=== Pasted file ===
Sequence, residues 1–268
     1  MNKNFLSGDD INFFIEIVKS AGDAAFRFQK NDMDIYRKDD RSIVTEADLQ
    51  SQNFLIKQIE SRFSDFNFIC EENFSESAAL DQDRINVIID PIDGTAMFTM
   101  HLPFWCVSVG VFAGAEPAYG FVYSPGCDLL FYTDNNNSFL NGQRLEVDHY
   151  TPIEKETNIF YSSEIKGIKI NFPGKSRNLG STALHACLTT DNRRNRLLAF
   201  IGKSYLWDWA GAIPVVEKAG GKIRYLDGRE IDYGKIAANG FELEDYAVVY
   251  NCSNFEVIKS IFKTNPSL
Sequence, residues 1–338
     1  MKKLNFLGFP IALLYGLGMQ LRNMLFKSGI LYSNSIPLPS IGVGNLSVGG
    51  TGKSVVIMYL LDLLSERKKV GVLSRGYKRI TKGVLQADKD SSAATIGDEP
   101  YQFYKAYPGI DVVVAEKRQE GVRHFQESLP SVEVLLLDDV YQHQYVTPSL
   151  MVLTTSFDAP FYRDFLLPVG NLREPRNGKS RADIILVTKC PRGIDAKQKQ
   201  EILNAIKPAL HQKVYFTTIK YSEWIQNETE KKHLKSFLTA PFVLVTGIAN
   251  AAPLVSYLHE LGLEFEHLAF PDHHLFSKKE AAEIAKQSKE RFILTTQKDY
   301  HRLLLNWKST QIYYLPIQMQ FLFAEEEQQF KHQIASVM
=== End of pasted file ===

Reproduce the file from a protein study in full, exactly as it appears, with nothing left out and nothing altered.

Sequence, residues 1–268
     1  MNKNFLSGDD INFFIEIVKS AGDAAFRFQK NDMDIYRKDD RSIVTEADLQ
    51  SQNFLIKQIE SRFSDFNFIC EENFSESAAL DQDRINVIID PIDGTAMFTM
   101  HLPFWCVSVG VFAGAEPAYG FVYSPGCDLL FYTDNNNSFL NGQRLEVDHY
   151  TPIEKETNIF YSSEIKGIKI NFPGKSRNLG STALHACLTT DNRRNRLLAF
   201  IGKSYLWDWA GAIPVVEKAG GKIRYLDGRE IDYGKIAANG FELEDYAVVY
   251  NCSNFEVIKS IFKTNPSL
Sequence, residues 1–338
     1  MKKLNFLGFP IALLYGLGMQ LRNMLFKSGI LYSNSIPLPS IGVGNLSVGG
    51  TGKSVVIMYL LDLLSERKKV GVLSRGYKRI TKGVLQADKD SSAATIGDEP
   101  YQFYKAYPGI DVVVAEKRQE GVRHFQESLP SVEVLLLDDV YQHQYVTPSL
   151  MVLTTSFDAP FYRDFLLPVG NLREPRNGKS RADIILVTKC PRGIDAKQKQ
   201  EILNAIKPAL HQKVYFTTIK YSEWIQNETE KKHLKSFLTA PFVLVTGIAN
   251  AAPLVSYLHE LGLEFEHLAF PDHHLFSKKE AAEIAKQSKE RFILTTQKDY
   301  HRLLLNWKST QIYYLPIQMQ FLFAEEEQQF KHQIASVM